“We are appealing to them to call our embassy in Tripoli … it is better that at this early stage, they get in touch with our embassy to arrange to be evacuated,” Communications Secretary Herminio Coloma told reporters.

Mandatory evacuation

The government imposed a ban on travel to Libya on May 30, warning Filipino workers there to leave.

It then issued a mandatory evacuation order last month after the kidnapping and beheading of a Filipino construction worker in Benghazi.

A Filipino nurse was also abducted and gang-raped in Tripoli on Wednesday, sparking a walkout by her colleagues at Tripoli’s Medical Center.

But Del Rosario, who traveled to Djerba Island in Tunisia on Thursday to coordinate evacuations, said convincing the OFWs to leave Libya was proving to be a “challenge” because of the fear of being unemployed back home.

Still, he appealed to the OFWs in Libya to get out now while they still can, warning that the exit routes were closing fast.

Border closed

Neighboring Tunisia shut down the Libya-Tunisia main border crossing on Friday when a Tunisian police officer was shot there during violence that erupted when stranded Egyptian and other foreign nationals tried to break through the passage.

Del Rosario said a border crossing to Egypt had also been closed for months.

That left the sea as the only way out of Libya for Filipinos accepting the government’s offer of free repatriation.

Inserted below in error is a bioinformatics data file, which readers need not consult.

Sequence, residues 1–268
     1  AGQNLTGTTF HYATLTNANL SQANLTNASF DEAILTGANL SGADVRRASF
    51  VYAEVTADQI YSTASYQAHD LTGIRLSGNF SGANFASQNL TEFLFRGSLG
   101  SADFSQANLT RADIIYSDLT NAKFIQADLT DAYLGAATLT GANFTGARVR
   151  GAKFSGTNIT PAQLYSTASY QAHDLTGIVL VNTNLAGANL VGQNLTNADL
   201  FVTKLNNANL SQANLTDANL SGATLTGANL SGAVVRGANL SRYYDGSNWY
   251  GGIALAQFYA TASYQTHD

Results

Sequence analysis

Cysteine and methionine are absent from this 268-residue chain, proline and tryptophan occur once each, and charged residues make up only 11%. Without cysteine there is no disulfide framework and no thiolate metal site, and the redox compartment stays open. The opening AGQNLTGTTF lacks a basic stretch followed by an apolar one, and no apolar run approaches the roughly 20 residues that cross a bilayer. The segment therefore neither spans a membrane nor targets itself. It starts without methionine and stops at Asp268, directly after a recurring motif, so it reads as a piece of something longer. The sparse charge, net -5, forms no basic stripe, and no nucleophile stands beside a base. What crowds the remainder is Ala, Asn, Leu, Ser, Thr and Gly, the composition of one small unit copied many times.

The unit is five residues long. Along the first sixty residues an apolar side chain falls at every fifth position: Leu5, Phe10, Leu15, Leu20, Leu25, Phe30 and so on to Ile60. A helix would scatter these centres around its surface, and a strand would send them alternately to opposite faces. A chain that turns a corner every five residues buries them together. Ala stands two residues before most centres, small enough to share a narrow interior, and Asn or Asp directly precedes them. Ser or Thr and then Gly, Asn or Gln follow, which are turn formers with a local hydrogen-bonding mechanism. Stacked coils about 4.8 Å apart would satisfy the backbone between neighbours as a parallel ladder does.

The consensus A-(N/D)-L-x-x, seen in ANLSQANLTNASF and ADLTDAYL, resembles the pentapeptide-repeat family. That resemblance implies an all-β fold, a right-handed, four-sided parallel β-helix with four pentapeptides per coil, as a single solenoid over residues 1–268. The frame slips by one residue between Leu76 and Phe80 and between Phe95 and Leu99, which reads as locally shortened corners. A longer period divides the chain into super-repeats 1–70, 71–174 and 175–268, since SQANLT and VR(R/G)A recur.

In Hong Kong on his way home to Manila Sunday night, Del Rosario said most of the OFWs in Libya wanted to stay despite the government’s appeal to them to get out.

“Even as numbers are increasing for repatriation, my estimate is more than a majority are prioritizing economic security over safety,” Del Rosario said by text.

He said the sea route remained the best option, but in case the ports of Benghazi, Misrata and Tripoli were closed, an overland route to Sirt, which takes three hours, would be used.

“Sirt is an option, but we need to ferry our folks to the ship, as it is a shallow port,” Del Rosario said.

The government previously launched a mass evacuation of its workers in Libya in 2011, when most of the 30,000 Filipinos there left during the violent uprising that led to the fall of longtime dictator Moammar Gadhafi.

Health workers

But about 1,600 Filipinos, mostly doctors and nurses, remained in Libya throughout the uprising.

Their numbers increased after the government lifted a ban on labor deployment to Libya in 2012.

Filipinos make up a large proportion of Libya’s medical personnel and health officials there are warning of a possible collapse of the healthcare system if all the Filipinos leave.

The few hundred that have returned home left more than 12,000 Filipinos still in Libya, which is fast descending into civil war.

But Coloma said that while some Filipinos may be stubborn, “once their lives are at stake, they will be convinced to go.”–Reports from Jerry E. Esplanada, Christine O. Avendaño



Philippine pleads with workers in Libya to return

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60 more Filipinos repatriated from Libya — DOLE

TAGS: Government, Libya, Overseas Filipino Workers (OFWs), Philippines, repatriation